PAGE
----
And what about addictions? In case you haven’t caught on to the drill yet, Jesus is the answer to that one as well. Who needs a Twelve-Step program? There’s only one step: Accept Jesus Christ as your personal savior as soon as possible, and your addictions will be erased faster than those eighteen minutes on the Richard Nixon tapes. (Remind me to write another article on the religious right AS an addiction.)

Christian fundamentalism in “cafeteria style” has chosen which parts of Jesus’ teachings it chooses to honor and which not. Preference is always given to the “I am” passages such as those in the Gospel of John in which Jesus says, “ I am the door; the bread of life; the way, the truth, and the life; the light of the world; the living water,” and so on, supposedly claiming to be God and commanding his listeners to accept him as the only way to live forever with God in heaven and escape eternity in hell. Little attention is given to the Sermon on the Mount and the many passages where Jesus condemns the wealthy and the religious leaders of his time for their callous, hypocritical, mean-spirited absence of compassion. In fact, theologians who pay much attention to Jesus’ teachings on compassion are viewed as bleeding hearts, unorthodox, and not really Christian. For this reason, Pat Robertson stated on his 700 Club program, January 14, 1991: “You say you’re supposed to be nice to the Episcopalians and the Presbyterians and the Methodists and this, that, and the other thing. Nonsense. I don’ have to be nice to the spirit of the Antichrist.”

Let us not overlook the obvious: Dominionism is about dominion — over women, children, the poor, people of color, alternative sexual orientations, and the earth. It fits so nicely with fascist tyranny.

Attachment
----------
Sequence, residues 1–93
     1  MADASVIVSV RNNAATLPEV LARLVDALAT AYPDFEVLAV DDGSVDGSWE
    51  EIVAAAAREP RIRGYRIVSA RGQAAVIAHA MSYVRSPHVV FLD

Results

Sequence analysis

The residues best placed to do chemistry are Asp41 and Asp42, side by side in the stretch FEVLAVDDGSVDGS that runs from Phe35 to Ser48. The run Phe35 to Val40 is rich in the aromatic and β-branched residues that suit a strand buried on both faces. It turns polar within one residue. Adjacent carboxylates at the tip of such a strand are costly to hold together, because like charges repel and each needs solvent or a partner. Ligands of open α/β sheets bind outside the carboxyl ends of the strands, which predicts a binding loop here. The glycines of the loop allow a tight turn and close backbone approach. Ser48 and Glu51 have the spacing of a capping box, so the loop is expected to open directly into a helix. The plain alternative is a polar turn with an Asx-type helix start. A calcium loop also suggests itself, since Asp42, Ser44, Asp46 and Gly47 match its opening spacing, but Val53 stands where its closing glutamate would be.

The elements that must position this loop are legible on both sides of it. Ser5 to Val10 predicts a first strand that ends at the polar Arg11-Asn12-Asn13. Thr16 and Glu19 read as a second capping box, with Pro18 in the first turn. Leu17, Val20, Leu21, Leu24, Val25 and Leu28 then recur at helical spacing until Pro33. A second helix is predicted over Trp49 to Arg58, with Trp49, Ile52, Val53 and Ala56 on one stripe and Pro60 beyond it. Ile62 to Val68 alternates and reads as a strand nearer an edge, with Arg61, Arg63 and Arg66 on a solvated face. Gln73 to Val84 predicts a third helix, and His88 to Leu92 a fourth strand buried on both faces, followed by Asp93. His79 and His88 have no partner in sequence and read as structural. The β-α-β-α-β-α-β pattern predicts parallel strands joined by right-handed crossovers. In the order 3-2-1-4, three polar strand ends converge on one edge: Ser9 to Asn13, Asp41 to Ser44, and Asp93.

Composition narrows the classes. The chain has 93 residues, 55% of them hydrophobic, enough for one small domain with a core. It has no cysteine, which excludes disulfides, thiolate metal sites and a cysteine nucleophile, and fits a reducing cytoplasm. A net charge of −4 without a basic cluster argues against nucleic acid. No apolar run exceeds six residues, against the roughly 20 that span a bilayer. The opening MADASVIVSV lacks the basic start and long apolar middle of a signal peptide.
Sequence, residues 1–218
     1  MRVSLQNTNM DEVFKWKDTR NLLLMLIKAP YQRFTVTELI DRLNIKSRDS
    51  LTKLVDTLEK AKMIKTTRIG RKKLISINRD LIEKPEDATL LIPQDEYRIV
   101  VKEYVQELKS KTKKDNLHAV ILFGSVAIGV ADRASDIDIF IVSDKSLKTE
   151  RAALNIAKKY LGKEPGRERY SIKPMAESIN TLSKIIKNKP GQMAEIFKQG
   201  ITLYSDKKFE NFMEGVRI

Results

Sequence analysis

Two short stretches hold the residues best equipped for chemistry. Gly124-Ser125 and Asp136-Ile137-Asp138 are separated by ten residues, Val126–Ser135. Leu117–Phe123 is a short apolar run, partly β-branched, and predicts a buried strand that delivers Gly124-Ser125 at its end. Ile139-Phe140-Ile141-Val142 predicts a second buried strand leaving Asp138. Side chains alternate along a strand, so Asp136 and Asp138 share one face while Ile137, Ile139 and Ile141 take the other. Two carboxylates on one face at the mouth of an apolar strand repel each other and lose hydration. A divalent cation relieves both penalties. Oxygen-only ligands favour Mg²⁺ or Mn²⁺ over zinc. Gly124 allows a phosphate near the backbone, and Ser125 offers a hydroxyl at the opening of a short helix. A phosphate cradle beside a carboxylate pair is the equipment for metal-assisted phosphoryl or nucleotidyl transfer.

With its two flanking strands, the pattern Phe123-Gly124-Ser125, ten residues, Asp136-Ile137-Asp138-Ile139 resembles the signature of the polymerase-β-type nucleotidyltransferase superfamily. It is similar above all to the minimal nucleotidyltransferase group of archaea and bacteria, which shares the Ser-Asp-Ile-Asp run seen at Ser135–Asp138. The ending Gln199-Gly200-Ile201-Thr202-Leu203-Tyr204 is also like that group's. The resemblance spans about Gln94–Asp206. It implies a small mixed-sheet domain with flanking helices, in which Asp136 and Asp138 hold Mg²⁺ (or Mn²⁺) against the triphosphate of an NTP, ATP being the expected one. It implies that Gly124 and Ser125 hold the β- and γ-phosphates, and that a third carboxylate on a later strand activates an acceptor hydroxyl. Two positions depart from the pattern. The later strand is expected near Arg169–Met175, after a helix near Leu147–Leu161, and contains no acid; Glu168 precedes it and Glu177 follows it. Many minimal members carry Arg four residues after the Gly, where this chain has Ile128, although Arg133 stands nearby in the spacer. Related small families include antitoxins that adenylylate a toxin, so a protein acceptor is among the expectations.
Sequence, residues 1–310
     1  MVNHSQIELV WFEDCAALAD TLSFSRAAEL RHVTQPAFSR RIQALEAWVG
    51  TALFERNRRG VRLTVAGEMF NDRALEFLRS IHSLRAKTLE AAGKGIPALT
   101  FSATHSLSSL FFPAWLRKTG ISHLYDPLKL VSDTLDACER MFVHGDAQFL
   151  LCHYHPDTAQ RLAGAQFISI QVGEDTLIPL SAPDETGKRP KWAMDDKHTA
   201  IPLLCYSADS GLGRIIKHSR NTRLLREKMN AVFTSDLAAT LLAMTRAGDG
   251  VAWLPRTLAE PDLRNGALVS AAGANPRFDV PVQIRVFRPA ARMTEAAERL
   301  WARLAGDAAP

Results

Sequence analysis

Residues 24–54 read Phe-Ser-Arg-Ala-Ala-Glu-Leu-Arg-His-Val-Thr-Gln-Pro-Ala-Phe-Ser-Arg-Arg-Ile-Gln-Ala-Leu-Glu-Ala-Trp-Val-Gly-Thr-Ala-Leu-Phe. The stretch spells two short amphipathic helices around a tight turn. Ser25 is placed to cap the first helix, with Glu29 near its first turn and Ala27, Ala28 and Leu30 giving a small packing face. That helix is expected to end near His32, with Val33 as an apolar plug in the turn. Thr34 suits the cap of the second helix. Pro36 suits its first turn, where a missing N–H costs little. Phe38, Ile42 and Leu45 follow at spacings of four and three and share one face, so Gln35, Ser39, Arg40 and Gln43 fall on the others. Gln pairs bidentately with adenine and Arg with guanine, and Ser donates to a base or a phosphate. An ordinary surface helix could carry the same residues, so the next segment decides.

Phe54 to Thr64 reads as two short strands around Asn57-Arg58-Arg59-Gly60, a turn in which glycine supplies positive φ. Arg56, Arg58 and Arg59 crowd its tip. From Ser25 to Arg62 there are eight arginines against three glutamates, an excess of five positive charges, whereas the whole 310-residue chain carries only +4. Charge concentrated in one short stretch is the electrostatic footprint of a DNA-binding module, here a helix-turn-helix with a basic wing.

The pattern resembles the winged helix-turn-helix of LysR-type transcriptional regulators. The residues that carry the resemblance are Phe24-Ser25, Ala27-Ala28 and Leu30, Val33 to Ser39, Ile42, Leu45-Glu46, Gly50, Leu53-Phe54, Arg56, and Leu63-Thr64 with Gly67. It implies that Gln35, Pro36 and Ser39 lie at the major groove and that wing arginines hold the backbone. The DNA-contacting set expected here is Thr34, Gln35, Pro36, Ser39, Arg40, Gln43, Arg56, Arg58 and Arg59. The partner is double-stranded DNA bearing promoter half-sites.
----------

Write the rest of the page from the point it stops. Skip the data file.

Christian fundamentalism is fundamentally UN-American. Dominonists clearly desire a revised United States Constitution that will institute a fundamentalist Christian theocracy. As Katherine Yurica has so assiduously reported, the Dominionist agenda would shred the Constitution and end the democratic republic our Deist founding fathers hammered out for five grueling months in 1787 in Philadelphia.

In fact, Pat Robertson believes that only Christian people should interpret and benefit from the Constitution. Again, on his 700 Club, December 30, 1981, he stated that, “The Constitution of the United States, is a marvelous document for self-government by Christian people. But the minute you turn the document into the hands of non-Christian people and atheistic people they can use it to destroy the very foundation of our society.” Never mind that most of the founding fathers did not consider themselves Christian and clearly, adamantly, and unequivocally defended the right of everyone in America to believe — or not believe, as he/she chooses.

I hope Americans outside the Bible Belt become more aware that reasonable people down here are being suppressed. It’s an insidious threat. A lawyer I enjoy at another forum calls it the American Christian Taliban. I think that’s not a bad label, with all the appropriate connotations. Except that they are really quite unAmerican, which is why I prefer Christianofascists.

Posted in anti-establishment clause, blogging, Christianofascism, freedom, fundamentalism, politics, religion, secular humanism, separation of church and state, the Bible | Tagged: , , , , | 2 Comments »

Majutsu sez…

Posted by honestpoet on December 11, 2007

“Americans want science confined to a money-making box, not wandering in church asking questions.” We had a big discussion about labels today, whether I ought to call myself an atheist or a secular humanist, or one of my own making, which I’ve been using and which my former mentor says he likes: agnostic secularist.